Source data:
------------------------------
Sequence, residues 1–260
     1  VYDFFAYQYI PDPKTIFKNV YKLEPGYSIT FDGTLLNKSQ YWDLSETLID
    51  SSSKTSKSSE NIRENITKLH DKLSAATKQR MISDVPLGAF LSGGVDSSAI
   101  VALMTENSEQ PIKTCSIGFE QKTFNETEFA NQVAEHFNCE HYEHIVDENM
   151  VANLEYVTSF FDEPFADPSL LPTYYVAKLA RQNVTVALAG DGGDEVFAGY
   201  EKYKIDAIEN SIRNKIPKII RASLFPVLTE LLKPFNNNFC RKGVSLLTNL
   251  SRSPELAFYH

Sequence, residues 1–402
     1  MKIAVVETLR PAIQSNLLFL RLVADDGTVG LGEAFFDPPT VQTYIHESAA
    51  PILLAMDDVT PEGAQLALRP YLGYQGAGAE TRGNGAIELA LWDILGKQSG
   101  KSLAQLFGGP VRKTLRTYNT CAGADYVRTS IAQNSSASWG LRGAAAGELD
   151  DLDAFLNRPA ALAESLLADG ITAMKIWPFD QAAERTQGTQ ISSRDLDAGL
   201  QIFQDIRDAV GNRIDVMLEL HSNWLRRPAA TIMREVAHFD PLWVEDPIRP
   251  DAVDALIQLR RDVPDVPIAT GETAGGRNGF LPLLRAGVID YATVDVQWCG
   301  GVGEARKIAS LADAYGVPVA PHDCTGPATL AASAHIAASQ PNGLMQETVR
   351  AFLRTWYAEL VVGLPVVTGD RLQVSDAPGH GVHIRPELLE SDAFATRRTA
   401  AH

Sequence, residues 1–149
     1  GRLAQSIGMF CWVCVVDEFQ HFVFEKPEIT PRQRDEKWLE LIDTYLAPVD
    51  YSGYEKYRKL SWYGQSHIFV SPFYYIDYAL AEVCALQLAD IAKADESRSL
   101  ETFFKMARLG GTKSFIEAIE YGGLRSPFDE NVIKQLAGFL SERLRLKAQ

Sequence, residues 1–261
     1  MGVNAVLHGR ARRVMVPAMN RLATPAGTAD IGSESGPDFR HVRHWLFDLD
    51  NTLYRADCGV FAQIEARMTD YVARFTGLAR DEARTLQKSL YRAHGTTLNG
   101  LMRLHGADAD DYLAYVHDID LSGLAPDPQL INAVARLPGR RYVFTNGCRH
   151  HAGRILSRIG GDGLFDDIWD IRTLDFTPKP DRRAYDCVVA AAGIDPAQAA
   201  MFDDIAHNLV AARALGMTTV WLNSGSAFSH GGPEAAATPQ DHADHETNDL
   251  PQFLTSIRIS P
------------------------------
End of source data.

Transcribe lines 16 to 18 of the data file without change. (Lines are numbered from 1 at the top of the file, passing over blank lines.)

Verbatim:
   351  AFLRTWYAEL VVGLPVVTGD RLQVSDAPGH GVHIRPELLE SDAFATRRTA
   401  AH

Sequence, residues 1–149